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Climate Policies in CA Offer Roadmap for EPA Carbon Rule

walker, derek, edfYou’ve heard it before: As California goes, so goes the nation.

So as states try to get their arms around the US Environmental Protection Agency’s new Clean Power Plan, we can look to California for some helpful pointers.

Granted, there are many roads to follow and for this journey, states are very much in the driver’s seat. They choose how to best reduce carbon pollution from their power plant by 30 percent over the next 15 years – as long as they can show EPA they’ll get there.

As usual, however, California got off to a head start. The Golden State blazed new trails years ago and left a number of clues on how states can transition to a lower carbon future.

California’s successes are one proven, potential model for other states to follow. The state’s legacy of clean energy and energy efficiency progress is also a big reason the White House and EPA could roll out the most significant national climate change action in our nation’s history.

A 40-year head start

Back in the mid-1970s, when Gov. Jerry Brown did his first tour of duty, California pioneered what remains one of the most effective tools for cutting pollution and saving money: energy efficiency.

The state’s efficiency standards, largely aimed at buildings and appliances, have saved Californians $74 billion and avoided the construction of more than 30 power plants.

Those energy savings have, in turn, translated into residential electricity bills that are now 25 percent lower than the national average. What’s more, California produces twice as much economic output per kilowatt hour of electricity usage as the national average.

Climate policies brought results

While energy efficiency has done yeoman’s work pulling costs down, reducing the need for dirty energy, and supercharging the state’s clean energy economy, California has also pioneered bold approaches for cleaning up its power supply.

  • The California Renewable Portfolio Standard (RPS) requires 33 percent of all electricity sold in the state to come from renewable sources by 2020, the most aggressive plan that any of the 29 states with RPS measures on the books has adopted.
  • In 2006, California enacted Senate Bill 1368, a groundbreaking law that set the nation’s first greenhouse gas emissions standard for power plants. It was a forerunner of EPA’s Clean Power Plan.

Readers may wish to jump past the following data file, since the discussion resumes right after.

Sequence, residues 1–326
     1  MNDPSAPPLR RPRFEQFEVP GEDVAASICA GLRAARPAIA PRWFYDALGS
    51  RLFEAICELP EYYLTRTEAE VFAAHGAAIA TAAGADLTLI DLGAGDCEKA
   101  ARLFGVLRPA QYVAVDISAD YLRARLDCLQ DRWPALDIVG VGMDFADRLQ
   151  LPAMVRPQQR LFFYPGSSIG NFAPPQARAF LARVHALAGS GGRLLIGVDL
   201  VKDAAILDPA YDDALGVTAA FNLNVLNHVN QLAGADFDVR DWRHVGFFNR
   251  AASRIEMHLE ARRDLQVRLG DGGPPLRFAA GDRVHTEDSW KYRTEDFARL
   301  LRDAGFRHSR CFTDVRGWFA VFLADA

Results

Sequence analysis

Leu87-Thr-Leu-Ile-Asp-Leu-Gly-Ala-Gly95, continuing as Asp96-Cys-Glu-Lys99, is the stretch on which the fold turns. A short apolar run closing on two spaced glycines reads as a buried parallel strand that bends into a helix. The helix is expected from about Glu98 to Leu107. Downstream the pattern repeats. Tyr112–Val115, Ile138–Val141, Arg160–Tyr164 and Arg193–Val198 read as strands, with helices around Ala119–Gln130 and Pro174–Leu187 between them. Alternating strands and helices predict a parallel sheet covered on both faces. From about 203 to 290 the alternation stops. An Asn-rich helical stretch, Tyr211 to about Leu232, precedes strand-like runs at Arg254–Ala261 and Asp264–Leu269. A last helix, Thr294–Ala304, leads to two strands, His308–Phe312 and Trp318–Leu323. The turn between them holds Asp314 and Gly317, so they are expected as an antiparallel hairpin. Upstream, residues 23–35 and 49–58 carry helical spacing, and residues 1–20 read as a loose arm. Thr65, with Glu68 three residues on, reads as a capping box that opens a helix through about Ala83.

• Also in 2006, the Global Warming Solutions Act (AB 32) instituted a statewide limit on greenhouse gas emissions, requiring California to return to 1990 levels by 2020.
  • Power plants are capped under AB 32’s successful cap-and-trade program, another precedent for the EPA plan. 

California’s robust suite of policies resulted in a 16-percent drop in carbon pollution from in-state and imported electricity between 2005 and 2012.

Californians are on board

Given this track record, it’s no surprise that Californians strongly support pollution limits on power plants. According to a  2013 survey by the Public Policy Institute of California, 76 percent of Californians support “stricter emissions limits on power plants.”

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3 thoughts on “Climate Policies in CA Offer Roadmap for EPA Carbon Rule

  1. It seems to me we should seek solutions on energy usage in the form of 1) efficiency 2) conservation 3) renewable, green sourcing.

    To me, conservation is undervalued. Like efficiency, conservation seeks to provide us the means to maintain our comfort and standard of living BUT WITH LESS ENERGY REQUIRED. Despite its allure, green energy helps support whatever demands are on the grid. Thus, if the neighbor leaves the lights on 24/7, green supports that. If we allow our buildings to heat via solar gain and expect air conditioning to overcome the discomfort, green supports that just like more efficient power stations support it. Conservation and energy efficiency would support a more informed analysis leading to solutions not requiring so much energy in the first place. As an example, in the Sunbelt, we see solar screens or grates on the outside of windows to reduce solar gain. We might wonder why we don’t see more of that (nation wide) if the thirst for less energy consumption is for real.

  2. Well steve, in case you missed them in the above article, some reasons why other states might want to emulate CA actions in this area include:
    1) “The state’s efficiency standards, largely aimed at buildings and appliances, have saved Californians $74 billion and avoided the construction of more than 30 power plants.”
    2) “Those energy savings have, in turn, translated into residential electricity bills that are now 25 percent lower than the national average.”
    3) “California’s successes are one proven, potential model for other states to follow.”
    4) “California produces twice as much economic output per kilowatt hour of electricity usage as the national average.”
    Don’t know whether you are anti-efficiency or just anti-CA, but I thought it was worth emphasizing these positive CA energy efficiency outcomes…

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